Currently, complete surgical resection represents the only potentially curative treatment option for CCA and GBCA, and is therefore the treatment of choice if the respective tumor is deemed resectable [7]. More than 50 % of patients present with unresectable disease at the time of diagnosis. The prognosis at this stage is dismal, being approximately 3–5 months without intervention [8, 9], and 6–12 months with palliative chemotherapy (CTx) [10]. Even after curative resection, 5-year overall survival (OS) is only 20–40 %. The most relevant prognostic factors after resection are nodal infiltration, resection margins, vascular invasion, and tumor grading [1118]. Interestingly, retrospective analysis showed only a minor role for margin status (R0 vs. R1) in the prognosis of CCA following resection, as long as complete tumor clearance is achieved with modern resection techniques. A recent study evaluated the results of surgical therapy for intrahepatic CCA, the incidence, and the management of disease during two sequential periods [19]. The 3-year OS was 62 %, whereas the 3-year disease-free survival (DFS) was only 30 %, the median OS was 57.1 months. Furthermore, von der Gaag and colleagues evaluated the long-term outcome of 175 consecutive patients with resected extrahepatic CCA [20]. In this study, the 2-year OS was 50 % and declined to 26 % after five years. In summary, following complete resection of CCA, patients had DFS rates of 48 to 65 % after one year and 23 to 35 % after three years without adjuvant treatment [12, 17, 21]. Patients with a positive nodal status (N1) and/or vascular invasion (V1) at time of resection had an even higher risk of disease recurrence.

For muscle invasive GBCA, prognosis seems to be even worse [22]. Following complete resection, DFS times are about 10–12 months and OS rates are about 55 % after one year and about 30 % after three years [2124]. A retrospective Dutch registry study evaluating 368 patients with GBCA and curative surgery between 2003 and 2008 confirmed these data (1-year OS 56 %, 3-year OS 26 %) [25].

Treatment modalities for unresectable biliary tract cancer

Potential treatment modalities for unresectable BTC include CTx, radiotherapy, chemoradiation, photodynamic treatment, and liver transplantation in localized unresectable CCA. Current approaches for systemic, unresectable BTC, either at initial diagnosis or in case of local or distant disease progression after resection, are based on systemic CTx. A previous randomized trial revealed that CTx significantly improved survival and quality of life compared to best supportive care [26]. Several drugs were found to be active in BTC, e.g., fluorouracil, gemcitabine, mitomycin, cisplatin, capecitabine, epirubicin, and oxaliplatin. A pooled analysis of 104 studies evaluating CTx in advanced BTC suggested that gemcitabine combined with cisplatin or oxaliplatin achieves the best response rates; however, without significantly improving survival [27]. The recent randomized phase III ABC 02 trial revealed a median OS of 11.7 months among 204 patients treated with gemcitabine and cisplatin compared to 8.1 months among 206 patients treated with gemcitabine alone (hazard ratio 0.64, 95 % confidence interval 0.52 to 0.80, p < 0.001). In addition, median progression-free survival and tumor control among patients in the gemcitabine/cisplatin-group was significantly increased (8.0 vs. 5.0 months, p < 0.001; 1.4 % vs. 71.8 %, p = 0.049). Adverse events (AE) were similar in the two groups, with the exception of more frequent neutropenia in the gemcitabine/cisplatin-group, although the number of neutropenia-associated infections was similar in the two groups [10]. Therefore, the combination of gemcitabine and cisplatin is currently regarded as standard of care in metastatic or unresectable BTC [28].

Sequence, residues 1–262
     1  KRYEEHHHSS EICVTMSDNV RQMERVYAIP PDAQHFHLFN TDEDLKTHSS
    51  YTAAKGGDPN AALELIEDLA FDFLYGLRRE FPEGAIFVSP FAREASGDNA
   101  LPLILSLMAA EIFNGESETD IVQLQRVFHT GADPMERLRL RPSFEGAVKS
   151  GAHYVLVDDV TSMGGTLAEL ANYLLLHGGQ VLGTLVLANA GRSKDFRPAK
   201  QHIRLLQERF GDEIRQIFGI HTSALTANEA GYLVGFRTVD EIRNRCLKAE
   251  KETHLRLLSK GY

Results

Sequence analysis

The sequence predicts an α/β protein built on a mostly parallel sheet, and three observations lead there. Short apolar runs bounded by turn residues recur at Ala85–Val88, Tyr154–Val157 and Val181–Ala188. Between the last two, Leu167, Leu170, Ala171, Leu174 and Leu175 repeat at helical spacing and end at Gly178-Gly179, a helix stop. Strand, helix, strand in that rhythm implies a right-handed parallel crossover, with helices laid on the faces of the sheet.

Adjuvant chemotherapy for biliary tract cancer

Because of high rates of disease recurrence and poor survival rates following surgical resection, postoperative treatment modalities, e.g., CTx, radiotherapy, and chemoradiation, have been considered to improve patient survival after resection of BTC [16]. Randomized data on the efficacy of adjuvant treatment after resection of BTC are scarce. A multicenter randomized trial evaluated the effect of adjuvant CTx with mitomycin C and fluorouracil compared to surgery alone for patients with pancreato-biliary malignancies [21]. In this trial, a non-significant survival benefit was seen for patients with adjuvant CTx following R0 resection for CCA with a DFS at five years of 32.4 % vs. 15.8 % without adjuvant CTx. In addition, a recent single-institution retrospective evaluation found that gemcitabine-based adjuvant CTx after curative intent resection of CCA significantly improved patient survival [15]. Furthermore, a retrospective analysis of the Surveillance, Epidemiology, and End Results database showed a significant benefit for adjuvant radiation therapy [29]. Finally, combined chemoradiation with fluorouracil and mitomycin in 34 patients seemed to be beneficial compared to historical survival data [30].